Vowing it's only the first step in tackling skyrocketing drug prices in the U.S., the House Energy and Commerce Committee unanimously voted Thursday to favorably report to the House floor a bill banning gag clauses that prevent pharmacists from discussing cheaper payment options with insured customers.
"It is not the silver bullet," Rep. Buddy Carter (R-Ga.) said of the bill he sponsored. "It is not the end-all, but it is a step forward."
Rep. Janice Schakowsky (D-Ill.) agreed, adding that "this little bit of transparency at the end of the drug supply chain is only a small part of what we could do." She advised a next step that starts at the top of the chain and shines a light on how drug prices are set.
Congress owes "it to the American people to take a look at skyrocketing drug prices . . . and take meaningful steps toward bringing down the cost," Schakowsky said.
Calling the Know the Cost Act, H.R. 6733, a "good bill," Rep. Frank Pallone (D-N.J.) said, "This legislation cannot and shouldn't be our only effort to reduce drug prices this year."
Given the complexity of drug pricing and the role of every player in the chain, getting rid of the gag clauses that are a common feature in Medicare and private insurance plans "is the easiest fix that will have a significant impact to patients," Lindsay Bealor Greenleaf, a director at ADVI Health, told BioWorld.
It's a modest fix that enjoys bipartisan support in both the House and Senate. While the House bill would ban gag clauses across the board, the Senate passed a bill last week to prohibit them in Medicare plans. It's prepared to vote on a separate bill next week that would eliminate the clauses in exchange plans and employer-sponsored health policies.
However, the Senate first will have to vote on an amendment, offered by Sen. Mike Lee (R-Utah), that would restrict the ban in the private sector to self-insured plans that are mostly regulated by the federal government. Under Lee's amendment, it would be up to states to prohibit the clauses in the private plans they regulate.
In discussing the need for the Know the Cost Act at Thursday's committee markup, Rep. Gene Green (D-Texas) said the gag clauses are a problem in both Medicare Part D plans and private insurance coverage. He cited a study published in the Journal of the American Medical Association that showed nearly one in four patients pay a copay that exceeds the price of the drug.
That's about the same percentage of Americans who struggle to cover their prescriptions, according to a Kaiser poll Green referenced. That same poll showed 37 percent don't fill a prescription or skip or reduce a dose to lower their out-of-pocket cost. Meanwhile, pharmacists are often prohibited, by their contracts with insurers, from telling those patients that the cash price of the drug might be less than the insurance copay.
Green said a recent survey by the National Community Pharmacists Association found that 58 percent of the pharmacists have been restricted by gag clauses at least 10 times in one month.
Getting rid of gag clauses is critical for patients, Bealor Greenleaf said, adding, "The fact that it's been allowed to go on this long is . . . outrageous." She noted that the impact of gag clauses has become much more extensive since the Affordable Care Act was passed in 2010 and drug manufacturer contracts with pharmacy benefit managers started artificially inflating list prices. The problem isn't restricted to brand drugs, as many generics also are experiencing high markups, she said.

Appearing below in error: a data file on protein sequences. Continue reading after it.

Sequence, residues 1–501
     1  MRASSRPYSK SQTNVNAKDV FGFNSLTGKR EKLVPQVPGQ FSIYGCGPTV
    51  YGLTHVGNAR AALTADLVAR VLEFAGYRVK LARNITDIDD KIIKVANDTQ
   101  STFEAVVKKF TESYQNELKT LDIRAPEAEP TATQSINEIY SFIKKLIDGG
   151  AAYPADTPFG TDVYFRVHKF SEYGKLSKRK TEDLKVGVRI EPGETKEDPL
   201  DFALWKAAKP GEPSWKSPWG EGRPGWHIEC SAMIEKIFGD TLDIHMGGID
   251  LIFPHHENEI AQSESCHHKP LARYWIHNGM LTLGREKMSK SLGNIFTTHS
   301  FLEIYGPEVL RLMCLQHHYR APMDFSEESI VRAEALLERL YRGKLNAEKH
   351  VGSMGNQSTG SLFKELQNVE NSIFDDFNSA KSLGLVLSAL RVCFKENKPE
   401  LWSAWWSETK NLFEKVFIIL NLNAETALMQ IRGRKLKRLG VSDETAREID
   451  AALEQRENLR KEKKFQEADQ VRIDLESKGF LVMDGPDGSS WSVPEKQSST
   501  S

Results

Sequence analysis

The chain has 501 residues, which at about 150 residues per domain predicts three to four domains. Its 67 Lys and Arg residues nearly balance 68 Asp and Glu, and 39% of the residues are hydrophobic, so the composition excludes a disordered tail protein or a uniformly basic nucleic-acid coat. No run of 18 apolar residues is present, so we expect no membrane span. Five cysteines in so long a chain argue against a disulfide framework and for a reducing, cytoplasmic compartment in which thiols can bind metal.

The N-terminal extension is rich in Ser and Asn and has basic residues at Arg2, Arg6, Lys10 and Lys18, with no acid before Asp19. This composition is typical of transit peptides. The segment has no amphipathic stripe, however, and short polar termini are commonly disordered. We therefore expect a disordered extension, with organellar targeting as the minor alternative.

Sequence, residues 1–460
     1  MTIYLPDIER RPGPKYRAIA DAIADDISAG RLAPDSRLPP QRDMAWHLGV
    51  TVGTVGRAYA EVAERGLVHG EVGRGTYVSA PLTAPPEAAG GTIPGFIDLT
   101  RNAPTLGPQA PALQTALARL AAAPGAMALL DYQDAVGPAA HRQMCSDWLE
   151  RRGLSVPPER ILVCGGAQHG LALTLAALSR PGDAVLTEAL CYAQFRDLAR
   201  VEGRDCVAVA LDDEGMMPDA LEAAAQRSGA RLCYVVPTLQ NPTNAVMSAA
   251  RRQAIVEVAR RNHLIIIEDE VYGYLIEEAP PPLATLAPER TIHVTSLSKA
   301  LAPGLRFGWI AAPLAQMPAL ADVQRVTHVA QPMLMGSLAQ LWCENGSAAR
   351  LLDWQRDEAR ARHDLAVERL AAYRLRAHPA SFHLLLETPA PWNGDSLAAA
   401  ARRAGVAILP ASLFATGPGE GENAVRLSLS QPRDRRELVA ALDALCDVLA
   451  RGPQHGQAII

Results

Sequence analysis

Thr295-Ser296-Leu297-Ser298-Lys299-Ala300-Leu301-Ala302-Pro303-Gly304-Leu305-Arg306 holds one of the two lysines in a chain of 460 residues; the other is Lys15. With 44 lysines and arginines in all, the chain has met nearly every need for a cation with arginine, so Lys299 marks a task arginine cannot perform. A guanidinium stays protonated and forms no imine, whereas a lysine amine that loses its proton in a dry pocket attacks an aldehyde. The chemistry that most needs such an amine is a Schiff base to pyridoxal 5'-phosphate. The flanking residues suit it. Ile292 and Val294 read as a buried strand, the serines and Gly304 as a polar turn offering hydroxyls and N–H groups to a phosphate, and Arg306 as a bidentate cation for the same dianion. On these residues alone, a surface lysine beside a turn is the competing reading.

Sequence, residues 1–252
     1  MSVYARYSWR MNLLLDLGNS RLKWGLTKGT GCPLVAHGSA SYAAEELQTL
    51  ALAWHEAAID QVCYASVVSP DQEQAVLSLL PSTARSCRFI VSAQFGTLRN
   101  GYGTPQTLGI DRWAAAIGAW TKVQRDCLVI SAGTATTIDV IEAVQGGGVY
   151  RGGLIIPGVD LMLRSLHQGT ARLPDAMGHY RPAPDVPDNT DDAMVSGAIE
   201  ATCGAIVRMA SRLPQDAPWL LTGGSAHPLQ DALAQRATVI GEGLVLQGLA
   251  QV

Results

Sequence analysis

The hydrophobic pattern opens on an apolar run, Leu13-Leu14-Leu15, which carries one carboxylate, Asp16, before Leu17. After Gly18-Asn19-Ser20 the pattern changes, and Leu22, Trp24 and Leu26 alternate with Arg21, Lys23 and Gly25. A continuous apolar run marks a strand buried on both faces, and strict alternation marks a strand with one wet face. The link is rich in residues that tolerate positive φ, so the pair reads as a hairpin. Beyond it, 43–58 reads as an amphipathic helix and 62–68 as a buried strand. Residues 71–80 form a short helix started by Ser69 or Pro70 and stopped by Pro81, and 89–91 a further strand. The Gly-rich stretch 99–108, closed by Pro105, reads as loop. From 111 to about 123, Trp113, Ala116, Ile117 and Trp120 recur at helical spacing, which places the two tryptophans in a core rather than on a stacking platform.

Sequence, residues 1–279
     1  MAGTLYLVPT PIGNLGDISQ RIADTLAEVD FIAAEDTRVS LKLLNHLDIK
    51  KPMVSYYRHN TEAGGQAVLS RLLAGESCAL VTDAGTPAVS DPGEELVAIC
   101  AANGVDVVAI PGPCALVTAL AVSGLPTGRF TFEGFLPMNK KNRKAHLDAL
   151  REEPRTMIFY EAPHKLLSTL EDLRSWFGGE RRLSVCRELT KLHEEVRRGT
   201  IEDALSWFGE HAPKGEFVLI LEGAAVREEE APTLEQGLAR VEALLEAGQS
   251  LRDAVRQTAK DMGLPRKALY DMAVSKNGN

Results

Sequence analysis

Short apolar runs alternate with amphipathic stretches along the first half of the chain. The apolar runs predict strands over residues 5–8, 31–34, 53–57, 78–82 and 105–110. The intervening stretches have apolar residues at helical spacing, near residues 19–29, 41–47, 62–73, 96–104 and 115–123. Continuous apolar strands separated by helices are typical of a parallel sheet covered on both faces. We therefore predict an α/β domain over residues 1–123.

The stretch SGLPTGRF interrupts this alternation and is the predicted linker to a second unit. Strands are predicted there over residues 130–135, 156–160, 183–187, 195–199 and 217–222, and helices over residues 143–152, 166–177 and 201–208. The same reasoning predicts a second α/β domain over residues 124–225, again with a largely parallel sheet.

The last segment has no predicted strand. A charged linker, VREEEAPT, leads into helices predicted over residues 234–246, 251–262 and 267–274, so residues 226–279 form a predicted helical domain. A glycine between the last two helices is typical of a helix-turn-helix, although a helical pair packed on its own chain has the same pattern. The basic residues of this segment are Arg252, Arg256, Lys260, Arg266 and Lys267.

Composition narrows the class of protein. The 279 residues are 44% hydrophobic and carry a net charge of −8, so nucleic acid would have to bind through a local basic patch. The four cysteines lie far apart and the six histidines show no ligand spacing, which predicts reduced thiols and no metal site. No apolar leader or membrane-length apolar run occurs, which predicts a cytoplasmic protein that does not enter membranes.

A second Congressional step aimed at reining in drug prices faltered Thursday when House and Senate appropriators conferencing on a spending bill for the Department of Health and Human Services scuttled an amendment that would have required companies to list prices of their prescription drugs in direct-to-consumer (DTC) ads. The Senate had passed the amendment, which was not included in the House version of the spending bill. (See related story.)
"Last year, the pharmaceutical industry spent more than $6 billion in DTC advertisements, which drive up health care costs by steering patients towards more expensive, often unnecessary medications," said Sen. Dick Durbin (D-Ill.), sponsor of the bipartisan amendment.
"The average American sees nine DTC prescription drug ads each day," Durbin said, citing studies showing that patients are more likely to ask doctors for a specific brand drug, and doctors are more likely to prescribe one, when those drugs have been advertised.
While the amendment won't be part of the spending bill, it is likely to come back in a different bill as the idea has a lot of support in Congress. But Bealor Greenleaf questioned whether adding a price to an ad would make much difference. There's a lot of confusion about what that would look like, she said. For instance, which price would have to be included? For which dose? And what does that really mean for the patient?
Their out-of-pocket cost is what matters to patients. Those costs vary widely among insurance plans and may not be tethered to a price given in an ad. Thus, requiring pricing in drug advertising "adds more confusion than clarity," Bealor Greenleaf said.
It also could have a perverse effect if patients associate high price with value, especially if they don't have to pay the full price for the drug.
Lawmakers aren't the only ones pushing back against prescription drug prices. As they experience rising out-of-pocket costs due to drug prices and high copays, insurance premiums and deductibles, patients are becoming more aggressive and informed about shopping around for the best price for their prescriptions, Bealor Greenleaf said. And doctors are increasingly discussing treatment options and pricing with their patients.
"There is a greater awareness now than there was in the past about researching all the options," Bealor Greenleaf said.